Blockchain technology facilitates a substantial increase in the efficiency of agency relationships in orders of magnitude and lowers agency costs equally substantial in orders of magnitude. The removal of checks and balances in corporate governance, monitoring of agents, audit requirements, disclosure regimes, market pressure, executive agent compensation schemes, among many others, provides a qualitative shift in efficiency in the agency relationship and in corporate governance overall.


Self-validating blockchain transactions can help resolve the agency issues between most of the stakeholders and constituents of modern corporations. In addition to addressing the traditional agency problem in corporate governance between shareholder principals and manager agents, blockchain enabled smart contracting allows for the public and fully transparent, secure, and completely networked exchange between the corporation and customers, owners and investors, other stakeholders, staff, regulators, strategic partners, suppliers and service providers.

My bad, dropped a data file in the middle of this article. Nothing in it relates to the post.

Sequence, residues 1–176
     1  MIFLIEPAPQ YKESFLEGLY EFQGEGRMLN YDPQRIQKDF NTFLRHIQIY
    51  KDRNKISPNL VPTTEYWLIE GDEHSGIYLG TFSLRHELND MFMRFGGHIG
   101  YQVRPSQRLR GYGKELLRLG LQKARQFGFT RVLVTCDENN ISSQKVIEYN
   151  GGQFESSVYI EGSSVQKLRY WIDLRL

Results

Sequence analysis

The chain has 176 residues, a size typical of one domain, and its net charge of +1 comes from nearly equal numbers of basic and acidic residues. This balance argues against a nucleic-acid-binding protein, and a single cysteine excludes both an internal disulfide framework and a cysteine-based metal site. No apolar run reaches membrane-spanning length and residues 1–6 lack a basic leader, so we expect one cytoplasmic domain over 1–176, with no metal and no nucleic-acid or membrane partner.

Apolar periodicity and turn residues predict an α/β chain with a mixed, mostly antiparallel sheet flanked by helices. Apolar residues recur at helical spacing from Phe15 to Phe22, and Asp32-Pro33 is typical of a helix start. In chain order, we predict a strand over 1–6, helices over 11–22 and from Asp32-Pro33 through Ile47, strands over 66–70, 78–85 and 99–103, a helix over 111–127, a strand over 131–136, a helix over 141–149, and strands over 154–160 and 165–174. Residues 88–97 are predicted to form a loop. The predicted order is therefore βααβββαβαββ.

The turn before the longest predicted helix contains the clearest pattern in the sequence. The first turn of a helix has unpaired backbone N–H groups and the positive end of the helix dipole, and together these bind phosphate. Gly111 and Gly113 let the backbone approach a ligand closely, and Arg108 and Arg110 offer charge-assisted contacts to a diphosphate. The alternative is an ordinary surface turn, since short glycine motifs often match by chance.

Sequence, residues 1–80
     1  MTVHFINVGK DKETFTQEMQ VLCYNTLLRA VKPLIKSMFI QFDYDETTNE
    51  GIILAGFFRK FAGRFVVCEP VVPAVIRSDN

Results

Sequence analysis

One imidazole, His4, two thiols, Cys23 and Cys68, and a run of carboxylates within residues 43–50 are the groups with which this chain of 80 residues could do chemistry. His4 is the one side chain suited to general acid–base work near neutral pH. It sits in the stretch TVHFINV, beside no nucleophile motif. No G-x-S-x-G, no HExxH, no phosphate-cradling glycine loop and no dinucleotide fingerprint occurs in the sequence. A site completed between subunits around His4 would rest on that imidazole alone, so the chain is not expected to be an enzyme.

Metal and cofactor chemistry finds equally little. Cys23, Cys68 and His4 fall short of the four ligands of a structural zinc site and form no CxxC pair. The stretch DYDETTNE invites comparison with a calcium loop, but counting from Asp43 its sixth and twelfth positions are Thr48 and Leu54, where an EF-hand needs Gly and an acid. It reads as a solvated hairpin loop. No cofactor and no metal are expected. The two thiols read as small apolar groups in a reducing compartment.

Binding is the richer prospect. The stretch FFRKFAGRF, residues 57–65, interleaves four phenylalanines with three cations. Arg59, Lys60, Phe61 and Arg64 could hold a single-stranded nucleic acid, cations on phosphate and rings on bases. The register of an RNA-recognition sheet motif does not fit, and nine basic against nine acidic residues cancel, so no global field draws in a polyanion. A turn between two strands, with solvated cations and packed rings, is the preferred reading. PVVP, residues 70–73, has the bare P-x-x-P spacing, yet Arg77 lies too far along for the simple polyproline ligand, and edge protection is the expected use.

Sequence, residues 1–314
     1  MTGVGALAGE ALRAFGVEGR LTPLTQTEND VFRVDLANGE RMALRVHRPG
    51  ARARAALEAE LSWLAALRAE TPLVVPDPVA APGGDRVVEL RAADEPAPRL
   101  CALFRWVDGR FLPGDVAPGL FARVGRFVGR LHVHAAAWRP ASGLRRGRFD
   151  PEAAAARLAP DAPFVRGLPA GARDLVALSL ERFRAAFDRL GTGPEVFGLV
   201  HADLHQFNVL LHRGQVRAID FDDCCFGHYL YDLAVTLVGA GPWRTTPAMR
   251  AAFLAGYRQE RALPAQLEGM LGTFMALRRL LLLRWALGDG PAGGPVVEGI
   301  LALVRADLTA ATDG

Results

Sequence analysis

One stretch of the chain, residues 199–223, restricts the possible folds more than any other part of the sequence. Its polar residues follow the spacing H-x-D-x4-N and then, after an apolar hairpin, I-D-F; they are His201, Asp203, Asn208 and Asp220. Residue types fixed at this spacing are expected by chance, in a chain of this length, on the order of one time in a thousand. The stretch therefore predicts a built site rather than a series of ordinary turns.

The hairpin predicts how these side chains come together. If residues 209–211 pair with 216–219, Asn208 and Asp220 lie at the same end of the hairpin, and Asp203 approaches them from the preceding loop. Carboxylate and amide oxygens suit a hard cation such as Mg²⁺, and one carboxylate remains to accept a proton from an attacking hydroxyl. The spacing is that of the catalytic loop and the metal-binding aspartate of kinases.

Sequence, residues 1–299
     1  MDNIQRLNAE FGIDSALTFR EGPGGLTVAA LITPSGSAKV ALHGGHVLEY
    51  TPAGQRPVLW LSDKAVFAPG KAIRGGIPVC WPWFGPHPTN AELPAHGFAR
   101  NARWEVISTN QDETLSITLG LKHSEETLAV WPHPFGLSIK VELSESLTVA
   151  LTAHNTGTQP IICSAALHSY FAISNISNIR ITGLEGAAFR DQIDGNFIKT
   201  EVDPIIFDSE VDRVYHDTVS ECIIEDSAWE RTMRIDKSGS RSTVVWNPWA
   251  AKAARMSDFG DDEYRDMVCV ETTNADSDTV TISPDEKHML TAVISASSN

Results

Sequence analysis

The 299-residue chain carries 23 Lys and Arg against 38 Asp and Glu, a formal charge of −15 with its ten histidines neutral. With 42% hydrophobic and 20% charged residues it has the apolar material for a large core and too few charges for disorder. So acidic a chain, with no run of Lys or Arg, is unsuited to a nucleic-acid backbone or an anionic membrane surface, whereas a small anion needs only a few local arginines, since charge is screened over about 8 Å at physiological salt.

Blockchain Removes Agents

Blockchain technology can facilitate the removal of agents as intermediaries in corporate governance through code, peer-to-peer connectivity, crowds, and collaboration. While it is still difficult to imagine a world without governance structures facilitated by agency constructs, Decentralized Autonomous Organizations (DAOs) have started to challenge the core believe that governance necessitates agency.

The first DAO, launched in May 2016, in the founders’ attempt to set up a corporate-type organization without using a conventional corporate structure, had a governance structure that was entirely built on software, code, and smart contracts that ran on the public decentralized blockchain platform Ethereum. Because if was pure computer code it had no physical address, no jurisdiction that could claim jurisdiction/control over it, and it was not an organization with a traditional hierarchy as we know it from traditional corporate structures. The DAO did not use a traditional corporate structure that necessitated formal authority and empowerment flowing top down from investors/shareholders through a board of directors to management and eventually staff. Indeed, it had no directors, managers or employees. In essence, all the core control mechanisms typically employed by principals in agency relationships were entirely removed in the DAO.